In conclusion, our data further emphasise the value of performing experiments in animals for the primary evaluation of new therapeutic agents. Prediction of the therapeutic efficacies of various antibiotics against foreign body infections may be difficult by relying exclusively on in vitro pharmacodynamic models derived from pharmacokinetic data in the plasma compartment.
This study was initiated by a research grant from Ely Lilly from 1990 to 1991 and is currently supported by grants 3200B0-103951 and 3200B0-108401 from the Swiss National Science Foundation.
- Waldvogel FA, Bisno AL: Infections associated with indwelling medical devices. Edited by: Waldvogel FA and Bisno AL. 2000, Washington, DC, American Society for Microbiology, 1-436. 3rdGoogle Scholar
- Diekema DJ, Pfaller MA, Schmitz FJ, Smayevsky J, Bell J, Jones RN, Beach M, SENTRY PG: Survey of infections due to Staphylococcus species: frequency of occurrence and antimicrobial susceptibility of isolates collected in the United States, Canada, Latin America, Europe, and the Western Pacific region for the SENTRY Antimicrobial Surveillance Program, 1997-1999. Clin Infect Dis. 2001, 32: S114-S132. 10.1086/320184.View ArticlePubMedGoogle Scholar
- Lowy FD: Antimicrobial resistance: the example of Staphylococcus aureus. J Clin Invest. 2003, 111: 1265-1273. 10.1172/JCI200318535.View ArticlePubMedPubMed CentralGoogle Scholar
- Chambers HF: The changing epidemiology of Staphylococcus aureus?. Emerg Infect Dis. 2001, 7: 178-182.View ArticlePubMedPubMed CentralGoogle Scholar
- Hiramatsu K: Vancomycin-resistant Staphylococcus aureus: a new model of antibiotic resistance. Lancet Infect Dis. 2001, 1: 147-155. 10.1016/S1473-3099(01)00091-3.View ArticlePubMedGoogle Scholar
- Liu C, Chambers HF: Staphylococcus aureus with heterogeneous resistance to vancomycin: epidemiology, clinical significance, and critical assessment of diagnostic methods. Antimicrob Agents Chemother. 2003, 47: 3040-3045. 10.1128/AAC.47.10.3040-3045.2003.View ArticlePubMedPubMed CentralGoogle Scholar
- Chang S, Sievert DM, Hageman JC, Boulton ML, Tenover FC, Downes FP, Shah S, Rudrik JT, Pupp GR, Brown WJ, Cardo D, Fridkin SK: Infection with vancomycin-resistant Staphylococcus aureus containing the vanA resistance gene. N Engl J Med. 2003, 348: 1342-1347. 10.1056/NEJMoa025025.View ArticlePubMedGoogle Scholar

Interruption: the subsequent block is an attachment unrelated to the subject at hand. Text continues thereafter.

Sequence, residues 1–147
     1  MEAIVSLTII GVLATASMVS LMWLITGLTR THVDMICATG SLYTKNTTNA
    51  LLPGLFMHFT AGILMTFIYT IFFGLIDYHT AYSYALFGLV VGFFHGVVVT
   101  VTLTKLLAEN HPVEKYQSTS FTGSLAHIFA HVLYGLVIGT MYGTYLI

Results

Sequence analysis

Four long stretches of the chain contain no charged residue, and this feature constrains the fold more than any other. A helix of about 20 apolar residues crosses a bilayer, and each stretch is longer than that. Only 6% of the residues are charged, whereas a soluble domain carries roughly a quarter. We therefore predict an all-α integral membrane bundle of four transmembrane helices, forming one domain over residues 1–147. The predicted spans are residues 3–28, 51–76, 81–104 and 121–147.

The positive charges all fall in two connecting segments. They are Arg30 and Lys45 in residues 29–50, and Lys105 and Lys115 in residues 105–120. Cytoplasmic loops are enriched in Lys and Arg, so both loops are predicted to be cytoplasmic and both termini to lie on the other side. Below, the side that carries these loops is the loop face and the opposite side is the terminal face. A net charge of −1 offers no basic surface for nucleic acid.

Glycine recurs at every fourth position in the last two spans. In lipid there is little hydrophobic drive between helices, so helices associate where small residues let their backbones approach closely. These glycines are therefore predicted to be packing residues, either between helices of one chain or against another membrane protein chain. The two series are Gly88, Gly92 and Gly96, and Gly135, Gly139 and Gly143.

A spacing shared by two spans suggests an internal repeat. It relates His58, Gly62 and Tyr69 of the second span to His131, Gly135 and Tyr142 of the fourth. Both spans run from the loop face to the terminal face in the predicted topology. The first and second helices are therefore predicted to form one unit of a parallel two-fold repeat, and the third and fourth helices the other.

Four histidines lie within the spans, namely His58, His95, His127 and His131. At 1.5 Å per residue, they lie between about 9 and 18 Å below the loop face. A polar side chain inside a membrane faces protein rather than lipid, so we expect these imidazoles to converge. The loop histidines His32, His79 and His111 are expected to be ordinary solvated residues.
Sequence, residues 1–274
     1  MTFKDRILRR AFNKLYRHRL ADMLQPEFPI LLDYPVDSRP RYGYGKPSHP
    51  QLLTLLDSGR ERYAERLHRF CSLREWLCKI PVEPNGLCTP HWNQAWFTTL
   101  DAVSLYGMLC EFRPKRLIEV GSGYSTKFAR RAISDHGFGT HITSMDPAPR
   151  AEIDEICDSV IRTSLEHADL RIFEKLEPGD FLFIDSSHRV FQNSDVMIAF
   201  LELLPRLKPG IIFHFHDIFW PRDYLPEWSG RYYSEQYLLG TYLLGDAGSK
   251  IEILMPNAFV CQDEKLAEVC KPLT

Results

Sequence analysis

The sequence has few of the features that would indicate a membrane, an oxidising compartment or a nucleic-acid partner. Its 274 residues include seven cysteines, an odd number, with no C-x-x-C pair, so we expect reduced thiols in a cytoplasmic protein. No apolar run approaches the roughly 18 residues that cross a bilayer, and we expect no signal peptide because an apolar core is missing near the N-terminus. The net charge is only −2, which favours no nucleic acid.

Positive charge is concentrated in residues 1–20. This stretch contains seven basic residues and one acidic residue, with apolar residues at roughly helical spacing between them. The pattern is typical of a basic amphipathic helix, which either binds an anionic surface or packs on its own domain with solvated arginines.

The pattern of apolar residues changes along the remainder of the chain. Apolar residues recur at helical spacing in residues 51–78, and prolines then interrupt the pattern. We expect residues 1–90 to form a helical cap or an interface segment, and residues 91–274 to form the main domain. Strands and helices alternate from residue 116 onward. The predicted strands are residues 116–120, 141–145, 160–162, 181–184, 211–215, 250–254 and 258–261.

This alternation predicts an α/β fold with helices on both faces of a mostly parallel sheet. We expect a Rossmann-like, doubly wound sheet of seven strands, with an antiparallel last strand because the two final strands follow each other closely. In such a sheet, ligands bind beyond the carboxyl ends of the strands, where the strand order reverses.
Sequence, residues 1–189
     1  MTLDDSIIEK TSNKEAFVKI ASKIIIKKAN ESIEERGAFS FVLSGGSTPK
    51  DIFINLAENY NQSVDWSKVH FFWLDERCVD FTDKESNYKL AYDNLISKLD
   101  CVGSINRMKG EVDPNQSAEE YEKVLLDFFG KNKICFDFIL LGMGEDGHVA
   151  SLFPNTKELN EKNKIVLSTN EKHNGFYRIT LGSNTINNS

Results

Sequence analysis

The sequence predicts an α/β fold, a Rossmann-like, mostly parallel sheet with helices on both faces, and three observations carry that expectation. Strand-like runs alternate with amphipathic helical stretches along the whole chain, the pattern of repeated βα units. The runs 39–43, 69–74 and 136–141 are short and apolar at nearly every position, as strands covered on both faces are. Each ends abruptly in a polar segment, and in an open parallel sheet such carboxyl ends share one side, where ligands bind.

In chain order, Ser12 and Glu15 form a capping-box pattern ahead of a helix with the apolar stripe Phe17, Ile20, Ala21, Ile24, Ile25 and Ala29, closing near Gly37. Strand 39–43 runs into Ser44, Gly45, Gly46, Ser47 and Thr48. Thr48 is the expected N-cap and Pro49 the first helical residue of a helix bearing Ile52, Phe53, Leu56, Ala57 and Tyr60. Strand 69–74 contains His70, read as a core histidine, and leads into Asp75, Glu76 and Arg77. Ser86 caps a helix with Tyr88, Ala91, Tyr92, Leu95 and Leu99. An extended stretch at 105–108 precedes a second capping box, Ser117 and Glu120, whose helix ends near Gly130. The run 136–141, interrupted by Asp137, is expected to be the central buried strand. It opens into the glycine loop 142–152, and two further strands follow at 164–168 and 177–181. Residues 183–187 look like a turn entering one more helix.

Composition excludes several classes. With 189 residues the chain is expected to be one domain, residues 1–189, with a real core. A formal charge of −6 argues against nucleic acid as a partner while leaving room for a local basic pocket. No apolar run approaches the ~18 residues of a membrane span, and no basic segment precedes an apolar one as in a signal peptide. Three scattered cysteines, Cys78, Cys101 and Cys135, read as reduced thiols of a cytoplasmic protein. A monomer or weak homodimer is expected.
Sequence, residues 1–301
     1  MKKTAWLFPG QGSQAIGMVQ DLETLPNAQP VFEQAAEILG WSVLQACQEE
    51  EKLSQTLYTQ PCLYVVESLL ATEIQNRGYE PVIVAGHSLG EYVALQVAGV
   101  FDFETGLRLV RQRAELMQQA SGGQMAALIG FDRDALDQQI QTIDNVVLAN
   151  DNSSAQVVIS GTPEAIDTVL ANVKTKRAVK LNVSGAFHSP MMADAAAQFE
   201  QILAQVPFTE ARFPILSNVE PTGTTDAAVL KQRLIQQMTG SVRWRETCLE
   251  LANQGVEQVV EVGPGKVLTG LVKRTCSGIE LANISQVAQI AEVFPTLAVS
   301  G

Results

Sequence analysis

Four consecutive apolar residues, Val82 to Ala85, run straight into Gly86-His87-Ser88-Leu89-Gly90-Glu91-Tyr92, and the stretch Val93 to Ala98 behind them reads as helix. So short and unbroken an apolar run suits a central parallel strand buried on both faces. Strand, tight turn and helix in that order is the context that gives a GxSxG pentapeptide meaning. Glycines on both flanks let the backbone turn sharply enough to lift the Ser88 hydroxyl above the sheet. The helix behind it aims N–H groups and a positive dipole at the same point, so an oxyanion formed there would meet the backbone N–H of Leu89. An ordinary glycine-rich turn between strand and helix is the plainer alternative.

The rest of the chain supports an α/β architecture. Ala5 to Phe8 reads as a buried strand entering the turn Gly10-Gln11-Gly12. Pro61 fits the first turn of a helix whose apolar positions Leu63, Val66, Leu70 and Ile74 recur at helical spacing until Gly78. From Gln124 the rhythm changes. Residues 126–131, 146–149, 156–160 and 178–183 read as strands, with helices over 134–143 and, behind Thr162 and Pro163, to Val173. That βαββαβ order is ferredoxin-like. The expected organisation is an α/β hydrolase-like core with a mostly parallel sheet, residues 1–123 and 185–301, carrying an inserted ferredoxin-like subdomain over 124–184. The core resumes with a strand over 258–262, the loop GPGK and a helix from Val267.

- Carpenter CF, Chambers HF: Daptomycin: another novel agent for treating infections due to drug-resistant gram-positive pathogens. Clin Infect Dis. 2004, 38: 994-1000. 10.1086/383472.View ArticlePubMedGoogle Scholar
- Steenbergen JN, Alder J, Thorne GM, Tally FP: Daptomycin: a lipopeptide antibiotic for the treatment of serious Gram-positive infections. J Antimicrob Chemother. 2005, 55: 283-288. 10.1093/jac/dkh546.View ArticlePubMedGoogle Scholar
- Hancock RE: Mechanisms of action of newer antibiotics for Gram-positive pathogens. Lancet Infect Dis. 2005, 5: 209-218. 10.1016/S1473-3099(05)70051-7.View ArticlePubMedGoogle Scholar
- Schriever CA, Fernandez C, Rodvold KA, Danziger LH: Daptomycin: a novel cyclic lipopeptide antimicrobial. Am J Health Syst Pharm. 2005, 62: 1145-1158.PubMedGoogle Scholar
- Tally FP, DeBruin MF: Development of daptomycin for Gram-positive infections. J Antimicrob Chemother. 2000, 46: 523-526. 10.1093/jac/46.4.523.View ArticlePubMedGoogle Scholar
- Arbeit RD, Maki D, Tally FP, Campanaro E, Eisenstein BI: The safety and efficacy of daptomycin for the treatment of complicated skin and skin-structure infections. Clin Infect Dis. 2004, 38: 1673-1681. 10.1086/420818.View ArticlePubMedGoogle Scholar
- Silverman JA, Perlmutter NG, Shapiro HM: Correlation of daptomycin bactericidal activity and membrane depolarization in Staphylococcus aureus. Antimicrob Agents Chemother. 2003, 47: 2538-2544. 10.1128/AAC.47.8.2538-2544.2003.View ArticlePubMedPubMed CentralGoogle Scholar
- King A, Phillips I: The in vitro activity of daptomycin against 514 Gram-positive aerobic clinical isolates. J Antimicrob Chemother. 2001, 48: 219-223. 10.1093/jac/48.2.219.View ArticlePubMedGoogle Scholar
- Snydman DR, Jacobus NV, McDermott LA, Lonks JR, Boyce JM: Comparative in vitro activities of daptomycin and vancomycin against resistant gram-positive pathogens. Antimicrob Agents Chemother. 2000, 44: 3447-3450. 10.1128/AAC.44.12.3447-3450.2000.View ArticlePubMedPubMed CentralGoogle Scholar
- Barry AL, Fuchs PC, Brown SD: In vitro activities of daptomycin against 2,789 clinical isolates from 11 North American medical centers. Antimicrob Agents Chemother. 2001, 45: 1919-1922. 10.1128/AAC.45.6.1919-1922.2001.View ArticlePubMedPubMed CentralGoogle Scholar
- Wise R, Andrews JM, Ashby JP: Activity of daptomycin against Gram-positive pathogens: a comparison with other agents and the determination of a tentative breakpoint. J Antimicrob Chemother. 2001, 48: 563-567. 10.1093/jac/48.4.563.View ArticlePubMedGoogle Scholar